TOKYO (Reuters) - Japan’s Idemitsu Kosan Co (5019.T) is buying a one-third stake in refiner Showa Shell Sekiyu (5002.T) from Royal Dutch Shell (RDSa.L), moving it closer to a potential $4 billion (2.56 billion pounds) bid for its smaller rival in the country’s cutthroat refining sector.
Idemitsu Kosan, Japan’s second-biggest oil refiner, said it was paying 169 billion yen ($1.4 billion) for the 33.24 percent stake and would continue discussions on a merger.
The combined companies would control about 28 percent of Japan’s refining market, still behind JX Holdings Inc (5020.T), which has a 35 percent share.
Japan’s powerful industry ministry is keen to see consolidation in a refining sector where five big operators and three smaller ones vie for business from a shrinking population increasingly opting for more fuel efficient vehicles.
“If the deal goes through, there will be four major players. But that will not likely be the final picture, and I think further integration is possible,” Idemitsu Kosan President Takashi Tsukioka told reporters.
For Royal Dutch Shell, the sale raises funds when it is making further cuts to capital investment this year as it expects a downturn in oil prices to last for several years.
Shell on Thursday reported a 37 percent drop in second-quarter profits and said it expected $30 billion of asset sales between 2016 and 2018, on top of a total of $20 billion in disposals for 2014 and 2015 combined.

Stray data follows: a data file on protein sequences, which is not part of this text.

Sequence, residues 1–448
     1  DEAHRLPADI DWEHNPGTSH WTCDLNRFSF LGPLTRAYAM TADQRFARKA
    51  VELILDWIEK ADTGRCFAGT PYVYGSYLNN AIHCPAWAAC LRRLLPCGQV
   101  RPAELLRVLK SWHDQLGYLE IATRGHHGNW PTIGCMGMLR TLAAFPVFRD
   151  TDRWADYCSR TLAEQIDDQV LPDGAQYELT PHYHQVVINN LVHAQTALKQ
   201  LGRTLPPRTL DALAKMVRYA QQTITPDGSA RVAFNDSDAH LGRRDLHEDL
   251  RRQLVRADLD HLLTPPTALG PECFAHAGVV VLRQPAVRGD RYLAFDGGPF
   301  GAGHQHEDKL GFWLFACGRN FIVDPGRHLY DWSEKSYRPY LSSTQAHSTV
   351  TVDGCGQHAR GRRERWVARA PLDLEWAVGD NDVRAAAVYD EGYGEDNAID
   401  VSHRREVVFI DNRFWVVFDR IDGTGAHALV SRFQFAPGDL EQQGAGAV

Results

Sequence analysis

The oil giant said it should complete the Showa Shell sale in 2016 subject to regulatory approval and it would retain a 1.8 percent holding.
The sale means a sharply reduced presence in a downstream oil market Shell has operated in for more than 100 years.
A takeover of Showa Shell by Idemitsu would be the second merger in the industry since JX was formed in 2010.
Every week, nearly 20 gas stations close on average in Japan after demand fell by about 22 percent over the last decade and consumption is set to fall further, according an industry ministry forecast in April.
The recent downturn in oil prices has also meant Japanese refiners have suffered huge inventory losses, with Idemitsu reporting its first annual loss since listing in 2006.
A source told Reuters in December that Idemitsu aimed to buy shares in Showa Shell in a tender offer that could be worth as much as 500 billion yen ($4 billion).
Saudi Arabia’s state-owned oil firm Saudi Aramco also owns about a 15 percent stake in Showa Shell.
Idemitsu said it would pay 1,350 yen a share for the Shell shares, almost 23 percent above Showa Shell’s close on Wednesday. Idemitsu Director Susumu Nibuya said the funds for the acquisition of the shares would be financed via debt and that the two firms would seek to integrate fully as soon as the share acquisition is complete.
Showa Shell shares ended up 6.2 percent on Thursday after soaring as much as 13.4 percent on a report on the sale, while Idemitsu ended down 4 percent.
JPMorgan advised Idemitsu on the Showa Shell purchase, the Japanese refiner said.
Writing by Aaron Sheldrick, Additional reporting by Taiga Uranaka; Editing by Ed Davies and Susan Thomas